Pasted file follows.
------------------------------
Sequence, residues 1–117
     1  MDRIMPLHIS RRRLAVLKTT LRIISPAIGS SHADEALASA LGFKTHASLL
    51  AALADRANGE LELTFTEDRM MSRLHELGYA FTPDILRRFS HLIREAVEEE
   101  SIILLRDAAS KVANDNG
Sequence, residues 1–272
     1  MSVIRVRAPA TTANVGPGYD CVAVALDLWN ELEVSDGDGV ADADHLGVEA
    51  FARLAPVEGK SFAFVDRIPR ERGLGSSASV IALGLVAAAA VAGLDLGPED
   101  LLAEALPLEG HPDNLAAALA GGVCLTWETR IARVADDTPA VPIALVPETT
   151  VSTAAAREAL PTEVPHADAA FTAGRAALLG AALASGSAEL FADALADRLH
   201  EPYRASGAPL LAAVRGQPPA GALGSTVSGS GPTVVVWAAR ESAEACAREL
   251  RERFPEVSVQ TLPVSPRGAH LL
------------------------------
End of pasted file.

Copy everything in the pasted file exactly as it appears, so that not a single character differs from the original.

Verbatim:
Sequence, residues 1–117
     1  MDRIMPLHIS RRRLAVLKTT LRIISPAIGS SHADEALASA LGFKTHASLL
    51  AALADRANGE LELTFTEDRM MSRLHELGYA FTPDILRRFS HLIREAVEEE
   101  SIILLRDAAS KVANDNG
Sequence, residues 1–272
     1  MSVIRVRAPA TTANVGPGYD CVAVALDLWN ELEVSDGDGV ADADHLGVEA
    51  FARLAPVEGK SFAFVDRIPR ERGLGSSASV IALGLVAAAA VAGLDLGPED
   101  LLAEALPLEG HPDNLAAALA GGVCLTWETR IARVADDTPA VPIALVPETT
   151  VSTAAAREAL PTEVPHADAA FTAGRAALLG AALASGSAEL FADALADRLH
   201  EPYRASGAPL LAAVRGQPPA GALGSTVSGS GPTVVVWAAR ESAEACAREL
   251  RERFPEVSVQ TLPVSPRGAH LL